Type:
text; Electronic Dissertation
Keywords:
Communication Media; Information Systems; Innovation project team; Interpretation Systems; Radical innovation; Management Information Systems; Collaboration Dynamics
Degree Name:
Ph.D.
Degree Level:
doctoral
Degree Program:
Graduate College; Management Information Systems
Degree Grantor:
University of Arizona
Advisor:
Brown, Susan A.

Full metadata record

DC FieldValue Language
dc.language.isoen_USen_US
dc.titleThe Dynamics of Task-related Discussion in the Pursuit of Radical Innovation: Innovation Project Teams as Interpretation Systemsen_US
dc.creatorChen, Yi-Daen_US
dc.contributor.authorChen, Yi-Daen_US
dc.date.issued2013-
dc.publisherThe University of Arizona.en_US
dc.rightsCopyright © is held by the author. Digital access to this material is made possible by the University Libraries, University of Arizona. Further transmission, reproduction or presentation (such as public display or performance) of protected items is prohibited except with permission of the author.en_US
dc.description.releaseRelease 29-Nov-2016en_US
dc.description.abstractAs global competition is increasingly intensified, radical innovation has become more and more important for corporations in high-velocity industries. Thanks to the advances of information systems and communication media, corporations can easily reach out to experts all over the world and form project teams dedicated to the innovation effort. However, research shows that while some innovation teams are very successful in achieving significant breakthroughs, many struggle to make their collaborations work. In this dissertation, we aim to provide a comprehensive understanding of the collaboration challenges that an innovation team faces. By considering the simultaneous needs for differentiation and integration in the innovation effort and taking a communication/ interpretive perspective, we develop a theoretical model to investigate how the processes of differentiation and integration are shaped through team communication and influence an innovation team's collaboration outcomes. Specifically, we delineate four structural properties of team communication to capture these two processes - the number of issue streams explored, the number of attention switches initiated, the conceptual linkage between issue streams, and the level of deliberation after each attention switch - and identify four categories of factors that influence the development of these two processes - team composition, semi-structures, communication contexts, and communication environments. We conduct a case study as a preliminary test of our theoretical model, and find that the model provides comprehensive explanations for the collaboration dynamics and issues of these teams. We believe such a theoretical model can contribute to a better understanding of the complexity involved in an innovation project and bring fresh insights to the design of information systems for supporting an innovation team.en_US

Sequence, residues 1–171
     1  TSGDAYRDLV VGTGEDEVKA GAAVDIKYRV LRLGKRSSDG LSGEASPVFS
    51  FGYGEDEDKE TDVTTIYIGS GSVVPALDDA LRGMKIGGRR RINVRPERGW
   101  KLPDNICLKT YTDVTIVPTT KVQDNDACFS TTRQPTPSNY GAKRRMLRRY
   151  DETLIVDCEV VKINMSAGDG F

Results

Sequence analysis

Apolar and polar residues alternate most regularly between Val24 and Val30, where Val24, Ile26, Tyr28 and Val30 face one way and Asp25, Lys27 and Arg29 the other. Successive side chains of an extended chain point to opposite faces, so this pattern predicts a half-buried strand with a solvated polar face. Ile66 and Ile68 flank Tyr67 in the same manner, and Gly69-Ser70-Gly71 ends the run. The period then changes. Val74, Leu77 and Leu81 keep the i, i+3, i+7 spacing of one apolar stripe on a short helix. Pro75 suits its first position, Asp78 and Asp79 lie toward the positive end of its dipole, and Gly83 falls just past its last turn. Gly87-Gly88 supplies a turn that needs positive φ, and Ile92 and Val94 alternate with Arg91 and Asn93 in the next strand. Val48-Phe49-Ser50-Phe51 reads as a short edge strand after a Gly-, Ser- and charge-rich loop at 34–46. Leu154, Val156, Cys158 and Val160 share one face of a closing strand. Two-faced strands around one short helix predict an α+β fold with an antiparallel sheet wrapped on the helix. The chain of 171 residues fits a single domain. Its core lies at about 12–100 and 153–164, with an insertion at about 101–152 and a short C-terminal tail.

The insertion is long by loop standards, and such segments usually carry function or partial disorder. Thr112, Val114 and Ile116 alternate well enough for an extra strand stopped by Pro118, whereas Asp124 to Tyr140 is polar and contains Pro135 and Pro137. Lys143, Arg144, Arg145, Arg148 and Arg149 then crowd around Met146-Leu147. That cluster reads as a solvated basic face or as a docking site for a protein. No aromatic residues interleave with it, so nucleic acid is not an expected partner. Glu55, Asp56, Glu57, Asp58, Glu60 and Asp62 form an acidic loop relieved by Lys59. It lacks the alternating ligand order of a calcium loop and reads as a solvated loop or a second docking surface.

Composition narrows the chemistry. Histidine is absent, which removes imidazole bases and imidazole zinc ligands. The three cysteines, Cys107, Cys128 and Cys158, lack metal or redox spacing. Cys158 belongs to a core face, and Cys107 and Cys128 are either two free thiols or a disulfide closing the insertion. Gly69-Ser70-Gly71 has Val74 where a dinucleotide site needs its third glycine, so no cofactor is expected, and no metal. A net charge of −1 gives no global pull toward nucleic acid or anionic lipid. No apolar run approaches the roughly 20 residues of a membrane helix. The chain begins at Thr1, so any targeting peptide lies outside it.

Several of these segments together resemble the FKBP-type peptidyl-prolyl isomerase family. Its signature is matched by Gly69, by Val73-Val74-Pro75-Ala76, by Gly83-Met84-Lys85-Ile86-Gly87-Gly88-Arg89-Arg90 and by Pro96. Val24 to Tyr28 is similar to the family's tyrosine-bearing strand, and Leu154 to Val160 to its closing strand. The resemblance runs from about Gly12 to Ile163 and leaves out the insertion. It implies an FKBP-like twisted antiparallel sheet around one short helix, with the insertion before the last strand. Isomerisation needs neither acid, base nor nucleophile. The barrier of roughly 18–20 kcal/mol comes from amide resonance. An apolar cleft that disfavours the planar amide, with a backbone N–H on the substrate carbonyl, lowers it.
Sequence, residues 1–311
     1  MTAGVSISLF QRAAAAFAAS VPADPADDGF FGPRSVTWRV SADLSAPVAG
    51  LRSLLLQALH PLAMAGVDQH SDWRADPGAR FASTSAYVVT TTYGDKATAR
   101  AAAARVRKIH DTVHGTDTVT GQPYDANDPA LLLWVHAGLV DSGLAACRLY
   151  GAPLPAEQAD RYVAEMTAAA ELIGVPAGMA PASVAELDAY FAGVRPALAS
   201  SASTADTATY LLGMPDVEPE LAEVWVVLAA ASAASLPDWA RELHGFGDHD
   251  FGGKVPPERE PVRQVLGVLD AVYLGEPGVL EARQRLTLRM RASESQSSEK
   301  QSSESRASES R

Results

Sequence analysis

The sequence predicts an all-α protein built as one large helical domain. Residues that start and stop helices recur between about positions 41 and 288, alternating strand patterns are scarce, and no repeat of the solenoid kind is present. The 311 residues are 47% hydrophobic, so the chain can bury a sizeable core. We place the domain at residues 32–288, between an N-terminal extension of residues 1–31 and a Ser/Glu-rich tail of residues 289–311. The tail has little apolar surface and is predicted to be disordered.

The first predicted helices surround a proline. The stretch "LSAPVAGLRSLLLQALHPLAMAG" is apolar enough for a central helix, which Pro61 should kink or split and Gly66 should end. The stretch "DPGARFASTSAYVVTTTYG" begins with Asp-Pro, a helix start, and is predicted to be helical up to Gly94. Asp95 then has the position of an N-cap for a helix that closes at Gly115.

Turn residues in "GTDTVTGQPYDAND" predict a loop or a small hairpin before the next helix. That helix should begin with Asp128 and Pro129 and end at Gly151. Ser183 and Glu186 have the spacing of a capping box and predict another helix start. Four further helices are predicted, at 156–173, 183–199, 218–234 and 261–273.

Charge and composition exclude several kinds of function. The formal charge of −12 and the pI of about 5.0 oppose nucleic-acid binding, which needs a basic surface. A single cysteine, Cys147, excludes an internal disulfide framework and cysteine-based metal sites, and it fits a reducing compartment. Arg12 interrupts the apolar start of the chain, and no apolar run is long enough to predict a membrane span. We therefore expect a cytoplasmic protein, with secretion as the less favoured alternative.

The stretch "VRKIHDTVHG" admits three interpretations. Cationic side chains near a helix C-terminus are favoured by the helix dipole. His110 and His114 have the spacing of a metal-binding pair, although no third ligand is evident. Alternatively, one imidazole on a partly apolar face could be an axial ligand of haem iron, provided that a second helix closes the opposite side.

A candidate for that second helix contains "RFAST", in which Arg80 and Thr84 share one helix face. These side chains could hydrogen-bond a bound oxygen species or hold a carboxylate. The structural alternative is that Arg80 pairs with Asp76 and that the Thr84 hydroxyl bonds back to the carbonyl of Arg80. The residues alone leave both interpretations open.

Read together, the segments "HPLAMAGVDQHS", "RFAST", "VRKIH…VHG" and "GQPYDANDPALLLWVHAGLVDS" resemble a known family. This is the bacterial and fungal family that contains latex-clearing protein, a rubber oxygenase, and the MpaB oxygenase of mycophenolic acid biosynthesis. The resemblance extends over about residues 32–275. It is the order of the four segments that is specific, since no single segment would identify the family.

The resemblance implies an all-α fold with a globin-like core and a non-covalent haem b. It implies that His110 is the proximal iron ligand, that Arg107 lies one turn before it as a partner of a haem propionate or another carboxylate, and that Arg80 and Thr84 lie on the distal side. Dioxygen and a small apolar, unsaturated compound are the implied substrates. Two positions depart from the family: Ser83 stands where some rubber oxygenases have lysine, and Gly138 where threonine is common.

dc.typetexten_US
dc.typeElectronic Dissertationen_US
dc.subjectCommunication Mediaen_US
dc.subjectInformation Systemsen_US
dc.subjectInnovation project teamen_US
dc.subjectInterpretation Systemsen_US
dc.subjectRadical innovationen_US
dc.subjectManagement Information Systemsen_US
dc.subjectCollaboration Dynamicsen_US
thesis.degree.namePh.D.en_US
thesis.degree.leveldoctoralen_US
thesis.degree.disciplineGraduate Collegeen_US
thesis.degree.disciplineManagement Information Systemsen_US
thesis.degree.grantorUniversity of Arizonaen_US
dc.contributor.advisorBrown, Susan A.en_US
dc.contributor.committeememberBrown, Susan A.en_US
dc.contributor.committeememberGoes, Pauloen_US
dc.contributor.committeememberGalaskiewicz, Josephen_US
dc.contributor.committeememberDurcikova, Alexandraen_US